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Marxy – Kyushu Nostalgia

Beekeeper Records, 2004

Brand new.  Fifty cents.  Giant cat playing the piano.  Either this record was going to be an epically excellent find or a trap for bargain CD hunters.  Man, I’ve fallen into too many traps in my searches so I was really hoping this was going to be a good one.  Since it was wrapped I had nothing to go on aside from the cover and the back cover.  Would you know that the back cover had, ah, two cats playing the piano?  No track listing, no band information … just cats.  Well, when only two quarters stand between me and my curiosity you know what’s going to win out.

Marxy is actually a nickname/moniker for W. David Marx, who is an American musician and writer that happens to reside in Japan.  I have to say, that’s quite a background!  Instead of dragging the rough and tumble American rock Marx opts to infuse all sorts of pop elements into his music.  He also doesn’t wish to stop at straight pop tunes and is prone to be a bit random in his attention.  This can prove to either be a nice, casual listening experience or a head shaking one.

The songs on the record are primarily sung by Marx, but “Make It Through Today” utilizes the light vocals of Miho Takashima.  This only adds some true Japanese cred to the album even if her voice isn’t particularly strong.  It doesn’t have to be with some of these lightweight tracks, since Marx is definitely going for as soft as possible on hugworthy pop songs like “Let’s Be On Our Way” and “Ashika Love”.  Honestly, with his keyboards and precious composition choices, I would be astounded if Marx hasn’t considered trying out the children’s TV show music circuit over there in Japan.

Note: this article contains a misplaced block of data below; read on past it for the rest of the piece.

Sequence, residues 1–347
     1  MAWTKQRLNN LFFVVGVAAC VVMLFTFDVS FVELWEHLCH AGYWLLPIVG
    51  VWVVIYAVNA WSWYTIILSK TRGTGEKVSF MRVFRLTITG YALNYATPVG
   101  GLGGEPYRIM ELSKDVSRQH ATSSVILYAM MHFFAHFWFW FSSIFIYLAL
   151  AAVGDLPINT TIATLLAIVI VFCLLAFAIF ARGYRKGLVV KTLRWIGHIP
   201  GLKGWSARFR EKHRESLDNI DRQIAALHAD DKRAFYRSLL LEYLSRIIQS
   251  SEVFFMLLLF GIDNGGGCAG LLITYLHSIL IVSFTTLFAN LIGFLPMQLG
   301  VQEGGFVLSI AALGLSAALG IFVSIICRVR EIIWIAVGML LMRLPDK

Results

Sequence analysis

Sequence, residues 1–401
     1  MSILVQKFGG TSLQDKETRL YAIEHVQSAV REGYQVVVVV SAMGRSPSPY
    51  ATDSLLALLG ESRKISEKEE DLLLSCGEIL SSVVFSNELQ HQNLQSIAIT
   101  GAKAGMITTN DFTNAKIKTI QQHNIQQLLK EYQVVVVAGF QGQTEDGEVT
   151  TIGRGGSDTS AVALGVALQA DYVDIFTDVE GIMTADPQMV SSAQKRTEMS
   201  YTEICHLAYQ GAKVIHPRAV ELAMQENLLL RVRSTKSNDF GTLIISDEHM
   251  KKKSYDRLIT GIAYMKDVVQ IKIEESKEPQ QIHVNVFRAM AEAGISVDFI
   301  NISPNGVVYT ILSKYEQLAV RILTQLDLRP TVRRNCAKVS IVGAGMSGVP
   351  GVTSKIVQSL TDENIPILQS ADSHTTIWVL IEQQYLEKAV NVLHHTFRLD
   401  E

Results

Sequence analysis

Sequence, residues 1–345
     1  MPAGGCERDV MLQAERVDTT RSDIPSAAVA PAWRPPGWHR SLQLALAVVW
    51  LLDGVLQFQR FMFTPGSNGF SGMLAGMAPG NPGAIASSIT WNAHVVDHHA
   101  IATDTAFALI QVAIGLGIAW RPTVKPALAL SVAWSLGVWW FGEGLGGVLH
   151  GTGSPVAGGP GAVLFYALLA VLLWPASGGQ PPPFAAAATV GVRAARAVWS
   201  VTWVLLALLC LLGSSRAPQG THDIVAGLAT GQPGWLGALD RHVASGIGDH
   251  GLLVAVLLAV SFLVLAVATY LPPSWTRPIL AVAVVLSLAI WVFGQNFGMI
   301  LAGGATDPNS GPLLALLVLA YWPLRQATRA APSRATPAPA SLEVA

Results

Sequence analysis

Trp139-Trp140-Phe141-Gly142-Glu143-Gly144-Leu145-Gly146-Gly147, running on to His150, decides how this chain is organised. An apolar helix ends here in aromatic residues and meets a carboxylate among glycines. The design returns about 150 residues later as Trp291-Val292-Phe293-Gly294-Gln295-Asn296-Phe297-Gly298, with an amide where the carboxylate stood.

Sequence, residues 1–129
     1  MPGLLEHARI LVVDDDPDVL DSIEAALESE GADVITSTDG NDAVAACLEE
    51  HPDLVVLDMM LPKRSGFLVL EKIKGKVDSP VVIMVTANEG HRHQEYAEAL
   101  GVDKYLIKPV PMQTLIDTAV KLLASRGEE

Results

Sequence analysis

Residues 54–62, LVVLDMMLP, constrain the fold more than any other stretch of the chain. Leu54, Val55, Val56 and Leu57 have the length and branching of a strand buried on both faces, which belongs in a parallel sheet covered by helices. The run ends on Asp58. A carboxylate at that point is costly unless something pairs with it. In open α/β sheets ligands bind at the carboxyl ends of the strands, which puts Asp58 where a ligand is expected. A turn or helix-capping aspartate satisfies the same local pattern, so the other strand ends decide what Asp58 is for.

To highlight the randomness of this pop experience, the third track (written in Japanese … but let’s just title it “Game Over”) is a short bit involving an 8-bit gaming experience that doesn’t end well for the player.  That’s it.  Then there’s the ‘oooooh’ outtake track that doesn’t make it to thirty seconds and “Be In Eleven-Eight, Man”, which is pure nonsense.  Although these have to be better than those skits on hip hop records, they’re not much more than filler.

Check out all the rest of the stuff by W. David Marx on his website, which has his discography as well as a few tunes to listen to.

As cute as Marxy’s music is, I can’t help but feel that this is an incomplete album.  It probably has a lot to do with those short ditties and interludes, because even though there are twelve listed tracks only five of them last past two minutes.  It’s almost as if Marxy couldn’t stand to merely create something that could be listed as an EP, so extra bits were thrown in to technically extend the record into a full album.  Oh please.

I do like the music and approach of Marx’s effort, though, and those Japanese artists (even if they’re from America) always intrigue me with what they’re thinking of next.  Marx has released a few more records past this one but nothing since 2008, but if one goes by the three year rule there is still hope he may have something else in store.  Yes, I’m making up the three year rule, but I have to say that it’s a good point of reference to determine if there’s more to come or the artist is done.  C’mon Marxy, break out some more cats.

Addendum:  I will say that Marxy’s “Cat vs. Mouse” from their most recent release is actually quite good, so go check it out if you want a more electronic pop experience.

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